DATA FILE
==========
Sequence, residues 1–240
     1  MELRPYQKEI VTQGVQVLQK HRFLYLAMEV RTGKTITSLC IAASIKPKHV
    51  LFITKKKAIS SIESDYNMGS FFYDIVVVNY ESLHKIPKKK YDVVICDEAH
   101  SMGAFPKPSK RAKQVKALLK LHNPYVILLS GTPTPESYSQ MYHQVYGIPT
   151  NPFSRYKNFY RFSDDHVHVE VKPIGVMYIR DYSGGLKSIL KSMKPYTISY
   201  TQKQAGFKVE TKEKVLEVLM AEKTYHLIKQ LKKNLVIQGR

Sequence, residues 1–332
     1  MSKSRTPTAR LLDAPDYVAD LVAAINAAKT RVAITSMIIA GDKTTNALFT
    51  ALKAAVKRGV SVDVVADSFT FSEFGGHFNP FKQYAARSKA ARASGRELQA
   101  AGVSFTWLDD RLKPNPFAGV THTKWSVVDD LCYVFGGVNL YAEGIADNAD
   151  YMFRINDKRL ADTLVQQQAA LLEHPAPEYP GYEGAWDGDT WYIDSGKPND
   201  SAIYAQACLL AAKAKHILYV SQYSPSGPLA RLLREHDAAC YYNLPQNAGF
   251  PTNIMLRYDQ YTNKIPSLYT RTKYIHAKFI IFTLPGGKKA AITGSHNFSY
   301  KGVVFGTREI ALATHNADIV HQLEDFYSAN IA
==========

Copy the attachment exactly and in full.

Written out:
Sequence, residues 1–240
     1  MELRPYQKEI VTQGVQVLQK HRFLYLAMEV RTGKTITSLC IAASIKPKHV
    51  LFITKKKAIS SIESDYNMGS FFYDIVVVNY ESLHKIPKKK YDVVICDEAH
   101  SMGAFPKPSK RAKQVKALLK LHNPYVILLS GTPTPESYSQ MYHQVYGIPT
   151  NPFSRYKNFY RFSDDHVHVE VKPIGVMYIR DYSGGLKSIL KSMKPYTISY
   201  TQKQAGFKVE TKEKVLEVLM AEKTYHLIKQ LKKNLVIQGR

Sequence, residues 1–332
     1  MSKSRTPTAR LLDAPDYVAD LVAAINAAKT RVAITSMIIA GDKTTNALFT
    51  ALKAAVKRGV SVDVVADSFT FSEFGGHFNP FKQYAARSKA ARASGRELQA
   101  AGVSFTWLDD RLKPNPFAGV THTKWSVVDD LCYVFGGVNL YAEGIADNAD
   151  YMFRINDKRL ADTLVQQQAA LLEHPAPEYP GYEGAWDGDT WYIDSGKPND
   201  SAIYAQACLL AAKAKHILYV SQYSPSGPLA RLLREHDAAC YYNLPQNAGF
   251  PTNIMLRYDQ YTNKIPSLYT RTKYIHAKFI IFTLPGGKKA AITGSHNFSY
   301  KGVVFGTREI ALATHNADIV HQLEDFYSAN IA